A typical solar thermal system is designed to handle 50-70% of the yearly hot water demand which means that the cost of heating hot water is reduced by this same amount. This means that the bigger your hot water heating demands are, the more money can be saved on energy (you would of course need a bigger solar thermal system).
Solar thermal systems are by nature very passive and thus require very little maintenance. Because solar thermal systems typically require a backup boiler system, the maintenance costs compared to a larger boiler system are expected to be smaller, but not significantly so.
While this answer obviously depends on the size and type of system being installed, because of the currently low price of natural gas, payback periods are typically in the 15-20+ year range. In situations where natural gas is not available, the payback period can be drastically reduced. In both cases, the payback period can be significantly improved by taking advantage of the accelerated capital cost allowance for clean energy generation, as discussed below.
While in Alberta there aren't any government rebates or grants available to help pay for solar thermal systems, Canada does have a special CCA Class (43.2) available for depreciating clean assets. It is called the "Accelerated Capital Cost Allowance (ACCA) for Clean Energy Generation" and it allows the depreciation of green assets (Geothermal (including heat pumps), wind, solar thermal etc...) on a 50 percent per year declining balance basis. Basically, the capital cost allowance allows clients to depreciate their assets much quicker than normally allowed under the tax code. If we take for example a $100,000 solar thermal system, under normal tax codes, after 3 years, only 10% of the asset would be depreciated (2% in the first year, 4% every year after), equating to a tax credit of approximately $3,400. Under the CCA Class 43.2 however, 25% of the asset is depreciated in the first year (first year rule) and then 50% every year after, meaning after 3 years, 81% of the asset is depreciated, equating to a tax credit of $28,400! We have found that the accelerated capital cost allowance can sometimes halve the payback time period and we strongly recommend taking advantage of it. Clients should speak to their accountants, but more information can be found here.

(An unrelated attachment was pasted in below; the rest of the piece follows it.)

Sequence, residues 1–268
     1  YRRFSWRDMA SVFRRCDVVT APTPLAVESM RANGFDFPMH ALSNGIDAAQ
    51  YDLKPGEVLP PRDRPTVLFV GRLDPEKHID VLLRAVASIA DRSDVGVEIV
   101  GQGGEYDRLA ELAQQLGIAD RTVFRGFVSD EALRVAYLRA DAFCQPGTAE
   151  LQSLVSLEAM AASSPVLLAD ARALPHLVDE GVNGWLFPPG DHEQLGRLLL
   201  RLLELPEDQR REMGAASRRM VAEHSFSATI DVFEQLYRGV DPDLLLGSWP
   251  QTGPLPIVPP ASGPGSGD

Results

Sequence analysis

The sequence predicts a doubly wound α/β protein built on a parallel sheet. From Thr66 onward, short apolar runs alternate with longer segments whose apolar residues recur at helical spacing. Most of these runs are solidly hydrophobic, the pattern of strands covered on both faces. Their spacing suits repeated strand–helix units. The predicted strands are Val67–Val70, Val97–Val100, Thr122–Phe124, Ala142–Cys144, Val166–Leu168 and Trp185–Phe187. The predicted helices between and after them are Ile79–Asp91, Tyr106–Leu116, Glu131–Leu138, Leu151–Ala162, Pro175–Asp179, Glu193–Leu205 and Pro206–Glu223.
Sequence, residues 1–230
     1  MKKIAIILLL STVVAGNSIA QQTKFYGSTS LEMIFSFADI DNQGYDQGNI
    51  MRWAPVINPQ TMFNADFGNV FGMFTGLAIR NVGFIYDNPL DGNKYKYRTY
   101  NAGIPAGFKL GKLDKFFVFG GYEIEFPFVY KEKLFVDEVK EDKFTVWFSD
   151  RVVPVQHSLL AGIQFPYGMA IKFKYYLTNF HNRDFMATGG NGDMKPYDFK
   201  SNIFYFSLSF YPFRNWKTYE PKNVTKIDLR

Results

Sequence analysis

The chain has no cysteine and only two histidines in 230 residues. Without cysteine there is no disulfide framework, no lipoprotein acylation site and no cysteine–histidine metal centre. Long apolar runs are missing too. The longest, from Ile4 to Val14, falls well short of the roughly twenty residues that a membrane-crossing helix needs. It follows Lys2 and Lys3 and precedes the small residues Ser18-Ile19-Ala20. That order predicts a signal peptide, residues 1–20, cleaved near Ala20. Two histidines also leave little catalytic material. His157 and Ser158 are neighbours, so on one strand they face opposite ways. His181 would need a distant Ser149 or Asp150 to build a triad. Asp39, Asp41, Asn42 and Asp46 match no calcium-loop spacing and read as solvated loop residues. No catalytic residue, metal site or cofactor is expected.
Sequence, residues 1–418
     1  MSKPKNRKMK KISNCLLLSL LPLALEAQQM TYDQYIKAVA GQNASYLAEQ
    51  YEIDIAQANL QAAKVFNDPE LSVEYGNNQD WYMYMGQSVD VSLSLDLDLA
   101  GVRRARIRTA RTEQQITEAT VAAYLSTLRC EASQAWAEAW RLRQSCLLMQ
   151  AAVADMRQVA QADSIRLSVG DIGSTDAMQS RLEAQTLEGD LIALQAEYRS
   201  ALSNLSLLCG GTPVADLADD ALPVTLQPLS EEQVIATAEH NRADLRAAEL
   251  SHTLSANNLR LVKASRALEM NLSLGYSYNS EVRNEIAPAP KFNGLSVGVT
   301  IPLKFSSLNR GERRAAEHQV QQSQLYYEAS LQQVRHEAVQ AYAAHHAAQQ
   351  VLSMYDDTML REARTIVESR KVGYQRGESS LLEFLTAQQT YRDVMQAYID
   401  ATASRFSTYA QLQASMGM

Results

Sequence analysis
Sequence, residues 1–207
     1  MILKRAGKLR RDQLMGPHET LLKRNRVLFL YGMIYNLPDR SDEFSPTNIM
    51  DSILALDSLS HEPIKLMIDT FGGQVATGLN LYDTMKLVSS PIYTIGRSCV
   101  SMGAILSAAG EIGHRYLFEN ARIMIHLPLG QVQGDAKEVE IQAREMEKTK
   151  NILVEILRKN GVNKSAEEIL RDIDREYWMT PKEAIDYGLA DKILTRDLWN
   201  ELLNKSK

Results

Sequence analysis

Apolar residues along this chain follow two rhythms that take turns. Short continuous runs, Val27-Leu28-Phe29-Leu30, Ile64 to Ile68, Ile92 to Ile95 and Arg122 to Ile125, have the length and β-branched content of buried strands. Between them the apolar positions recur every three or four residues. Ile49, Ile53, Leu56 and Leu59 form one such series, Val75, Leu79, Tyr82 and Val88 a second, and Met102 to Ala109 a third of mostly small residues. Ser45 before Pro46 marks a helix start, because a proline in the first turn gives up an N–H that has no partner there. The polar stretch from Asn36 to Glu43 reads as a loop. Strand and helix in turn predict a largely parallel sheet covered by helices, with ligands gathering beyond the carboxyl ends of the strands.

Assuming a proper installation with regular maintenance, a flat plate collector system should last in excess of 30 years, even up to 50 years. Evacuated tube collectors would be expected to have a slightly shorter lifespan as they are inherently more complex. As with any asset, proper maintenance and care are essential for the longevity of the system. We also cannot stress enough how important the proper design and installation are to the success of the system; even simple design errors can have a strong effect on the life of the collectors.
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We very much welcome furthering the discussion on these topics so please feel free to post comments and/or questions below and we will be happy to respond to them.